Gary Emerling, wtop.com
WASHINGTON - A medical marijuana program in the District will move forward as planned despite a new directive from the Obama administration that's casting a haze over palliative pot programs elsewhere in the U.S.
A memo issued last week by Deputy Attorney General James Cole to U.S. attorneys points out in plain terms those who grow, sell or distribute marijuana are in violation of federal law, despite state laws that may have been passed permitting marijuana growth for medicinal purposes.
The memo is consistent with previous guidelines that prosecuting individuals who use marijuana for legal, medicinal purposes or their caregivers likely is not an "efficient use of federal resources." But it contains direct language regarding growers and distributors.
"Persons who are in the business of cultivating, selling or distributing marijuana, and those who knowingly facilitate such activities, are in violation of the Controlled Substances Act, regardless of state law," the memo says."Consistent with resource constraints and the discretion you may exercise in your district, such persons are subject to federal enforcement action, including potential prosecution."
Department of Justice spokesperson Jessica Smith says the Cole memo reinforces the guidance given in a previous memo and by various U.S. attorneys who earlier this year sent warning letters to some states "in light of changing state laws and increased commercial cultivation of marijuana for purported medical purposes."
The memo is meant as guidance to U.S. attorneys on "prosecutorial actions," Smith says.
"While the department has maintained that we will not focus our investigative and prosecutorial resources on individual patients with cancer or their immediate caregivers, the sale and distribution of marijuana continues to be a federal offense," Smith says.
The memo is causing caution in at least some of the 16 states that permit marijuana for medicinal purposes. In New Jersey, for example, Gov. Chris Christie has solicited advice from the state's attorney general regarding its statute.
In Colorado, Attorney General John Suthers said the memo is a sign the federal government has not approved of the growth in medical marijuana programs. To that point, the city of Denver reportedly has more medical marijuana dispensaries than Starbucks branches.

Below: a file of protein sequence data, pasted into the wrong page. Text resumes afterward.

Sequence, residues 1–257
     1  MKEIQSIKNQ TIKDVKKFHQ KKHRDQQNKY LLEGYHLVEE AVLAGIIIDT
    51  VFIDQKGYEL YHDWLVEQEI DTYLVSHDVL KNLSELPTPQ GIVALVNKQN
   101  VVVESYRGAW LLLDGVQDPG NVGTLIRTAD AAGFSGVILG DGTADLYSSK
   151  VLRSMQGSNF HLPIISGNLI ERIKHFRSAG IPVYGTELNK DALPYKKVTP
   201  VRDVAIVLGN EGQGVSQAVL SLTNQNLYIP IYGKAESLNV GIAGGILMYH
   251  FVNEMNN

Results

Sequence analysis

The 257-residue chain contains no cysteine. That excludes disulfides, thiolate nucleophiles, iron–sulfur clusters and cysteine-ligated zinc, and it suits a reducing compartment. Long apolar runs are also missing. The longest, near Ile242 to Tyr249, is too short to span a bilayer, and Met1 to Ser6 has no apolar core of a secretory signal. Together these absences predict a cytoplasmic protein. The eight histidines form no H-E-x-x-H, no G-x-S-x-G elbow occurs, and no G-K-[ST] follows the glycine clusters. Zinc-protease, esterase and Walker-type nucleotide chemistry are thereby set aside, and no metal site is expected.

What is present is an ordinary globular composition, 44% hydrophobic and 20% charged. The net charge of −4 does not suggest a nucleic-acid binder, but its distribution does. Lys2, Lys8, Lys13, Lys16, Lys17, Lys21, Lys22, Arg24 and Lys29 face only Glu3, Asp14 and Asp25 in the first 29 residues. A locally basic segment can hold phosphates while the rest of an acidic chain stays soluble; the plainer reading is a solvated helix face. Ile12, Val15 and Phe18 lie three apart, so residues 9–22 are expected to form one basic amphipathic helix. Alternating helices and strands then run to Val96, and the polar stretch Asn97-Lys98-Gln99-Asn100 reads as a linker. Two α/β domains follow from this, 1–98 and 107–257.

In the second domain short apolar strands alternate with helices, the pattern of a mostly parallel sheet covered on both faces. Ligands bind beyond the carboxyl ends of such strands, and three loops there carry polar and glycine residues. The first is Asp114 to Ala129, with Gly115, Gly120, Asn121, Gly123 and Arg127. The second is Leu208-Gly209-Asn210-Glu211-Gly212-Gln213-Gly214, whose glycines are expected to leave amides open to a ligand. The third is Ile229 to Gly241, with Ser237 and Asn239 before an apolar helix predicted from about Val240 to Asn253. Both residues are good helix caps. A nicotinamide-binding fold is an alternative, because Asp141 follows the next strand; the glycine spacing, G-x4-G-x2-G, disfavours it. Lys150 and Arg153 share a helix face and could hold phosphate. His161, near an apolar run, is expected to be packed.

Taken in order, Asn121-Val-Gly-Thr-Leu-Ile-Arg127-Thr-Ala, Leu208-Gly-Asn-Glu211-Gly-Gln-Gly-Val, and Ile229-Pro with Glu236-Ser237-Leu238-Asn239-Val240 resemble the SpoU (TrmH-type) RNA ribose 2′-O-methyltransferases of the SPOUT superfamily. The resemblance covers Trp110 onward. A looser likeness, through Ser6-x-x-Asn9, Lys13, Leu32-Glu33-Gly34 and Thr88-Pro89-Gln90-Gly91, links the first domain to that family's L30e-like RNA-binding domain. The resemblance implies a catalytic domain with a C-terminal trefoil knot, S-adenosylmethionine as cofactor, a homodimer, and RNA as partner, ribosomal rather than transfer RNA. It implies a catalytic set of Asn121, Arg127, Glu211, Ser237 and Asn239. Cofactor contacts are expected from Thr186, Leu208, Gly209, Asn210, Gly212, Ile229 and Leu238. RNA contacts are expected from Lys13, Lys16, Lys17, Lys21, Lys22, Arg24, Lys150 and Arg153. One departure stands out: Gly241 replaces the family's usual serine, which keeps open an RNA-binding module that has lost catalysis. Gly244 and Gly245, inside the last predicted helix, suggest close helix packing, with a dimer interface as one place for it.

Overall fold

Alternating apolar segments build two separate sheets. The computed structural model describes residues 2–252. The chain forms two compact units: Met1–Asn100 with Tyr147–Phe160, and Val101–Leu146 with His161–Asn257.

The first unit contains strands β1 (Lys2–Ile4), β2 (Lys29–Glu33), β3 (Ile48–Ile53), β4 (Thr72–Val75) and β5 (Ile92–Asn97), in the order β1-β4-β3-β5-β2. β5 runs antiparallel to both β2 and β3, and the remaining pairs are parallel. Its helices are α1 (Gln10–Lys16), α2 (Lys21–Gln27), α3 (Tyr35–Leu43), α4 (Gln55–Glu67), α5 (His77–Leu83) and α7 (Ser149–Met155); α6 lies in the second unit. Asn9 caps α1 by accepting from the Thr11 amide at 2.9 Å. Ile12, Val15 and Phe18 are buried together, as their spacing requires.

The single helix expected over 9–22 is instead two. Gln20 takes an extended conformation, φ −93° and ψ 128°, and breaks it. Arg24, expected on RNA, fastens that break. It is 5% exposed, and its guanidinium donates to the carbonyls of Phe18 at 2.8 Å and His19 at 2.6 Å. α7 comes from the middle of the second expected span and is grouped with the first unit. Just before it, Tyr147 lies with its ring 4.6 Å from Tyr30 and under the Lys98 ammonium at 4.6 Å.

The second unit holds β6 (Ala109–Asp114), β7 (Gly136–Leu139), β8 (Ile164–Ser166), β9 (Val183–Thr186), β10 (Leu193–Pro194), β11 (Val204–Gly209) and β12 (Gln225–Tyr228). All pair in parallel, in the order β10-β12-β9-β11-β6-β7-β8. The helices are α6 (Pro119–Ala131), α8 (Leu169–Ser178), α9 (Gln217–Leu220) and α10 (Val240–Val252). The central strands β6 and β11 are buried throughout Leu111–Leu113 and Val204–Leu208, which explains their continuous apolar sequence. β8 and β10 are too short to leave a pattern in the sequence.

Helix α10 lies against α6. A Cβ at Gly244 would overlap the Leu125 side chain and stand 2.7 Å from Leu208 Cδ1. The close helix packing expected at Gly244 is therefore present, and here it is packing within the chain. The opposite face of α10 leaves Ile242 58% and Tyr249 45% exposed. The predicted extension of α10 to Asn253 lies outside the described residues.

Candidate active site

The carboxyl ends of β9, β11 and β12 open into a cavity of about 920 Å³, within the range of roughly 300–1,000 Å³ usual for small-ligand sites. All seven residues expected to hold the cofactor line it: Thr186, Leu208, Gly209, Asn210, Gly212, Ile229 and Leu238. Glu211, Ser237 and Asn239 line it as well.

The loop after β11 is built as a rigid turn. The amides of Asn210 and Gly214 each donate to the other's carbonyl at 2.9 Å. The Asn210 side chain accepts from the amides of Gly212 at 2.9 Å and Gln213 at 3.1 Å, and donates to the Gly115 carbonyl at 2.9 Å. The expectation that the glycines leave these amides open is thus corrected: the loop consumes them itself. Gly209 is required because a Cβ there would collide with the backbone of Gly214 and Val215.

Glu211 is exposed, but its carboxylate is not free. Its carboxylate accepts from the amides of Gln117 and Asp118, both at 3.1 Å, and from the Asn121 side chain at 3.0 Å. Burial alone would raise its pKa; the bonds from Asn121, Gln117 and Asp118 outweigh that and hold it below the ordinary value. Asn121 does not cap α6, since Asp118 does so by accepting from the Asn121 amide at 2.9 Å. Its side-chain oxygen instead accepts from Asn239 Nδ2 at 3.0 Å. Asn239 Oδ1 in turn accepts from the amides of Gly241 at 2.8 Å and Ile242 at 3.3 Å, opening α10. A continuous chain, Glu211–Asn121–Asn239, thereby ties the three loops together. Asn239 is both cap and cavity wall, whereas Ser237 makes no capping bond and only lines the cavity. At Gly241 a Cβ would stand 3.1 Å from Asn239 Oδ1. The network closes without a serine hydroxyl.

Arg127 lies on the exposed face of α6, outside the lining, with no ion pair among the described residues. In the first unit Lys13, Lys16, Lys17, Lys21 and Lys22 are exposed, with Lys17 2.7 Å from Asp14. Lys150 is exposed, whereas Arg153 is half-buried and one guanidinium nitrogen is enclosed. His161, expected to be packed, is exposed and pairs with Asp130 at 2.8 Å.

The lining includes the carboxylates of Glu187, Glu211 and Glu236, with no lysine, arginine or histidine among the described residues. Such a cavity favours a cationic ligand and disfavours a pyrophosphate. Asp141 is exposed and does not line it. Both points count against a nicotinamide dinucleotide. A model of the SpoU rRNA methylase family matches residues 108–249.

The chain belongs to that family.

The District's medical marijuana program is still in its nascent stages after being approved by the D.C. Council in 2010, but a spokesperson for Mayor Vincent Gray says target implementation is sometime this fall. The mayor has no plans to amend the program in light of the new memo, saying through the spokesperson his administration intends "to move forward as planned with the implementation of medical marijuana without alteration."
The D.C. Attorney General's Office also is continuing to review the program but does not anticipate any significant changes being made, WTOP has learned. There additionally appears to be no imminent threat from federal prosecutors in the District: The U.S. Attorney's Office is "reviewing the guidance regarding medical marijuana" and "continuing to study the issue," a spokesman says, but would not comment further.
Among some of those seeking permission to cultivate or dispense medical marijuana in the District, the memo appears to have elicited a mixed response. One potential participant in the city's program, who does not wish to be identified for publication, says he will move cautiously but likely won't halt his plans.
"It definitely makes you a little bit more aware that it's still not a cut-and-dry situation," he says. "I don't think it's going to stop me."
Another potential applicant who wished to remain anonymous notes that Congress did not stop the city's medical marijuana law during its usual review period of the District's statutes. The District also will limit its cultivation centers to growing 95 plants -- a far cry from planned facilities mentioned in the Cole memo that hope to cultivate "tens of thousands of cannabis plants."
The potential applicant says she considered the risks before deciding to pursue participation in the program.
"It's not that I'm not worried, it's that it was a factor taken into consideration prior to even submitting a letter of intent," she says.
But not everyone hoping for a piece of the District's pot program is resting as easy. Montgomery Blair Sibley, who is seeking a cultivation and dispensary permit and has filed a lawsuit against the federal government related to enforcement of the Controlled Substances Act, says the Cole memo is "the ice pick in the eye ... for people who are thinking about going forward."
Sibley says interest from potential partners and employees for his business began to dry up after the U.S. attorney letters were sent in some states. He doesn't expect the Cole memo to make things any easier.
"The word I would use is 'chilled,'" Sibley says. "I am definitely chilled about going forward with this hanging over our heads."
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